As two long-serving members of the Armed Forces of Malta’s OPV fleet prepare for retirement, the island has welcomed a larger, modern replacement to conduct surveillance and SAR tasks in the Central Mediterranean
March saw Italian shipbuilder and designer Cantiere Navale Vittoria witness the commissioning of its largest offshore patrol vessel (OPV) to date in the form of P71 – a 75m behemoth that’s been described as the new flagship of the Armed Forces of Malta (AFM). Designed for coastal and high seas surveillance and search and rescue (SAR) operations within the Central Mediterranean, the vessel was launched in early 2021 and delivered to Malta in November 2022.
P71 was ordered at a reported cost of approximately €48.6 million (US$54 million), Vittoria having secured the contract in 2019 through its participation in a public tender raised by Malta’s Ministry of Defence, and part-funded by the EU. The newbuild effectively replaces the 53.4m-long P61, which has served the AFM since 2005, and which will now retire alongside the AFM’s 1979-built, 65m-long stalwart P62.
The arrival of the larger P71 also suggests a new chapter in the relationship between Vittoria and the AFM, and further, similar newbuilds are expected to follow in due course. Speaking at the OPV’s March commissioning ceremony, hosted at the AFM naval base in the Maltese capital of Valletta, Vittoria president Luigi Duò said that P71 would come to “represent an international point of reference for units of the same type”.
Featuring a full load displacement of more than 2,000tonnes, plus a 3.8m draught, P71 can accommodate “a crew of nearly 50” and an additional 20 personnel, Vittoria says.
The vessel’s bridge has been elevated to grant the crew 360° visibility, and is fifted with ballistic protection, including protected side passages for persons on the main deck and around the same bridge. On the offensive, P71 is also equipped with a 25mm remotely controlled cannon and light machine guns “of varying calibre”, Vittoria confirms.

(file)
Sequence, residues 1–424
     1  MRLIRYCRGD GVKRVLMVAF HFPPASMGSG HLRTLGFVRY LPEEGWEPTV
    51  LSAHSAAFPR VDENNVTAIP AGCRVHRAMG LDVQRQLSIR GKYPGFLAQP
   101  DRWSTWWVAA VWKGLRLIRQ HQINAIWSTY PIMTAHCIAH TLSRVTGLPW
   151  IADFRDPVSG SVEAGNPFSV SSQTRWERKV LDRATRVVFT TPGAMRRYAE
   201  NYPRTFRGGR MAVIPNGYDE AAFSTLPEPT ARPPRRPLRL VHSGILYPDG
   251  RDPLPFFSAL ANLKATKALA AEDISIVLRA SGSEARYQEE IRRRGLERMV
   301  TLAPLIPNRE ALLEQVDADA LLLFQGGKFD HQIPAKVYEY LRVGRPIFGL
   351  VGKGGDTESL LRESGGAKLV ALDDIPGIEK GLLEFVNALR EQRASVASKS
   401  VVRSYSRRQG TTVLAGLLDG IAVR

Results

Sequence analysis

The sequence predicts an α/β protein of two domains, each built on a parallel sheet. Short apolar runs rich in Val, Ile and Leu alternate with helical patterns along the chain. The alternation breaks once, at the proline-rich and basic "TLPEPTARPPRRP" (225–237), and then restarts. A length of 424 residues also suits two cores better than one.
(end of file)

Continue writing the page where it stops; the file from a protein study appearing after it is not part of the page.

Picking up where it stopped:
The ship’s aft flight deck accommodates a telescopic hangar and features equipment to support day and night flights. This deck can be used to refuel helicopters of up to 7tonnes – one example being the AgustaWestland AW139, as used by the AFM. Hatches have been built into the flight deck, and these permit a service crane, positioned on the side of the vessel, to load and unload materials between the flight deck and the deck below.
P71 carries a pair of 9.1m RIBs, which it can launch to undertake search and rescue (SAR) and maritime traffic control operations. The first RIB launch/recovery ramp is situated aft, below the flight deck, an area that includes additional space for materials and personnel. The second RIB launch/recovery area, featuring a motion-compensated davit, is situated starboard amidships, and has the capability to launch the RIB even when the OPV is underway. Each RIB can attain a speed in excess of 40knots.
The boat’s twin medium-speed diesel engines are rated 5,440kW apiece, and drive variable-pitch propellers. Running on diesel power, the ship will typically transit at more than 20knots when fully laden.
Alternatively, Vittoria points out, P71 can transit at patrol speeds between 9knots and 12knots+ when employing its two electric motors, which are powered by 750kW generators. “This diesel-electric solution at patrol speed allows greater efficiency, reduced consumption and, above all, lower harmful emissions for the most widely used speed spectrum of the unit,” Vittoria claims. P71 is also fitted with transverse bow and stern thrusters, along with retractable active stabilising fins.
The OPV’s integrated command, control and navigation system includes a 2D surveillance radar, a navigation radar and state-of-the-art satcomms, Vittoria adds.
Draught : 3.8m
Displacement: 2,000tonnes+ (full load)
Cruising speed: 12knots
Max speed: 40knots+ (diesel mode)
Additional personnel: 20
Classification society: ABS